Thirdly, while it is undeniable that pollution impacts on the weather, this may actually be having a beneficial effect.
A warmer planet may be no bad thing.
Let me expand on this. Throughout the life of the planet, indeed of the solar system, solar output has varied and therefore climatic conditions have varied too. Mankind evolved during a very cool period - indeed it could be described as an atypically cool period. The sun is the engine that drives our climate and our weather. There are other natural factors at work too - vulcanism, meteor strikes, large scale forest fires and continental drift. While it is true that climatic records have been kept for centuries, our understanding of the way the sun operates goes back only a few decades - no records have been kept of changes in solar radiation output until very recently. There is however indirect evidence that shows that the earth used to be much warmer than it currently is. It is believed that the global cooling that led to the ice ages was probably brought about by a reduction in solar output, possibly combined with an increase in vulcanism which led to large quantities of particles being ejected into the atmosphere which reflected the sunlight and thereby caused temperatures to drop. The pollution generated by the activities of humans may actually be duplicating the effects of vulcanism in reducing the amount of global warming that is taking place. In other words, if we reduce the amount of pollution, the planet may get even hotter.
There is no evidence of climate change occurring. The unusual weather is just that - it is weather and not climate. Yes, the planet is getting warmer but the weather is no more unusual than historic records show. The impact of severe weather is more noticeable nowadays - very heavy rainfall leads to flood plains doing what they are supposed to do - flood. If houses are built in flood plains, if flood defences merely shift the problems elsewhere, if the building of roads prevents water run off, if intensive agricultural methods result in poor drainage then of course the impact of such storms will be very noticeable - and for those actually involved, very traumatic and costly.
Is global warming undesirable? I for one would be delighted to enjoy a Mediterranean climate. On a more serious note, the indications are that the world will become wetter as well as warmer but such are the vagaries of weather that it is hard to predict exactly what will happen where. What is certain is that there will be winners and losers.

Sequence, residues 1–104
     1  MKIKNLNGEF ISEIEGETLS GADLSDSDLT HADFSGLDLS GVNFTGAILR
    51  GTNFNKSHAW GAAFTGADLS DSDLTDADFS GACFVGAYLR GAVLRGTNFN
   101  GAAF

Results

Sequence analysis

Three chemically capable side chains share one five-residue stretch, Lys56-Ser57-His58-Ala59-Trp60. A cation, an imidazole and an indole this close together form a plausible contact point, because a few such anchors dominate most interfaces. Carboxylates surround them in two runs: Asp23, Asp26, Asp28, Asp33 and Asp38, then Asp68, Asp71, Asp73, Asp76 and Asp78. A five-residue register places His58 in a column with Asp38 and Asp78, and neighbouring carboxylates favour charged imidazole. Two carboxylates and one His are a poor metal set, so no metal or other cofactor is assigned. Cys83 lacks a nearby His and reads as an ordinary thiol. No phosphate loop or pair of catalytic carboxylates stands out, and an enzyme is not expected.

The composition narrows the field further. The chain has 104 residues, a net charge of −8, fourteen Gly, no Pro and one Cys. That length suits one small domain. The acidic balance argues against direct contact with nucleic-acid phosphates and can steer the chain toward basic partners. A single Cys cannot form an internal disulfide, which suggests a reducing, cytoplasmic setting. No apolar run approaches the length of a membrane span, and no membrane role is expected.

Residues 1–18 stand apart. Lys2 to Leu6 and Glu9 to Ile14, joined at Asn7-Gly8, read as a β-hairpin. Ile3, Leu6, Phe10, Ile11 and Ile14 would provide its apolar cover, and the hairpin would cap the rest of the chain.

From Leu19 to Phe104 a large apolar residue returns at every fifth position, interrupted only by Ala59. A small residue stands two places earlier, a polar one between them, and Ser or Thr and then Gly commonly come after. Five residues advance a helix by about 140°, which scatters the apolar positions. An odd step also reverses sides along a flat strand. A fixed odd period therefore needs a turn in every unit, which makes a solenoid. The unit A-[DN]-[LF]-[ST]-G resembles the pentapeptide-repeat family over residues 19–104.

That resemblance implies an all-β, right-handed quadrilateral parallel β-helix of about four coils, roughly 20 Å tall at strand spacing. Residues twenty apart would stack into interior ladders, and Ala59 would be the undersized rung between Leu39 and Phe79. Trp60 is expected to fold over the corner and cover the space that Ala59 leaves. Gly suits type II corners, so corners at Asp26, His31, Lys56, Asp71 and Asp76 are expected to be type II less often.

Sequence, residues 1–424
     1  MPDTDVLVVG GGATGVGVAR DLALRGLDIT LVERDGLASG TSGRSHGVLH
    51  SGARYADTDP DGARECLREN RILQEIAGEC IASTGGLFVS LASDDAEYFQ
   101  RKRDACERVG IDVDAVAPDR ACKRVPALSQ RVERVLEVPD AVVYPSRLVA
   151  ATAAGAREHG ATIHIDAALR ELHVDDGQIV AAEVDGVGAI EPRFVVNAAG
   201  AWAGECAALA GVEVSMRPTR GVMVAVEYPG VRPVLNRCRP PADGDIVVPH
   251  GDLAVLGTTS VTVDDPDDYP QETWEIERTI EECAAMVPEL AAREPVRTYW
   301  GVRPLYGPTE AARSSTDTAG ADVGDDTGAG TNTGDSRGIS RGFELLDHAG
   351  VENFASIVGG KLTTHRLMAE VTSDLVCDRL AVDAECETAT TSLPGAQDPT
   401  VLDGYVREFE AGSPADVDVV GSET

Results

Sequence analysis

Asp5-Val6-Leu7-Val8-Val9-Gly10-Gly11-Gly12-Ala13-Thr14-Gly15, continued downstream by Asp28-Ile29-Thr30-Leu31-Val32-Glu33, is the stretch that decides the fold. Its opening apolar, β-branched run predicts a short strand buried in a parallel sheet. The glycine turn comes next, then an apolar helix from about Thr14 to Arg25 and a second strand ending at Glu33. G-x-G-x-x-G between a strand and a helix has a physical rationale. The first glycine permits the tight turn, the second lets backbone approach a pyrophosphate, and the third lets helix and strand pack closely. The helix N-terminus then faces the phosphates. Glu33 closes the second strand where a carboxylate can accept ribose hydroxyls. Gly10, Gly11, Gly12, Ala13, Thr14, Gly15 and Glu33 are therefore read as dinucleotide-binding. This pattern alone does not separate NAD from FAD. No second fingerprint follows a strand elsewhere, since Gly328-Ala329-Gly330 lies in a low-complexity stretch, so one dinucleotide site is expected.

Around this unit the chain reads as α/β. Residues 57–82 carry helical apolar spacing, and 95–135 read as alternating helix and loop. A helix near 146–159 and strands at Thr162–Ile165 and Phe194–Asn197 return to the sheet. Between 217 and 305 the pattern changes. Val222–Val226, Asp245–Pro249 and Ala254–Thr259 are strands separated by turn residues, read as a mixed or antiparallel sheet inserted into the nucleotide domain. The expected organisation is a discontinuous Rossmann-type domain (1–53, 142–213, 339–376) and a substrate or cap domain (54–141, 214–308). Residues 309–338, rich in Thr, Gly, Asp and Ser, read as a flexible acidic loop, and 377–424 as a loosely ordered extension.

The tree huggers and environmentalists treat theories as fact and ignore facts that do not support their views. The car is portrayed as the villain in the piece and governments use this as an excuse to screw more money out of the people that they purport to serve. The environmental arguments don't really stack up on a number of points. Aircraft, badly tuned buses and trucks and industry (including the NHS) generate far more pollution (including noise pollution) than modern cars but nowhere do we hear about governments telling the operators to clean up their acts - although it looks as if further attacks will be made on industry. The private motorist is seen as an easy target and as a source of unlimited revenue. Perhaps mindful of the possible shortcomings in the Green arguments, our Government tries to make us feel guilty at objecting to the 610% tax on fuel by telling us that if we do object, then we clearly object to paying for a welfare state, for state education, the NHS and for old age pensions. The fact that this too is a nonsense falls outside the scope of this article but it is worth observing that many people who supported the protests in September have swallowed the government line and withdrawn their support for the protesters. Spin Doctors : 1, Ordinary Motorist : 0.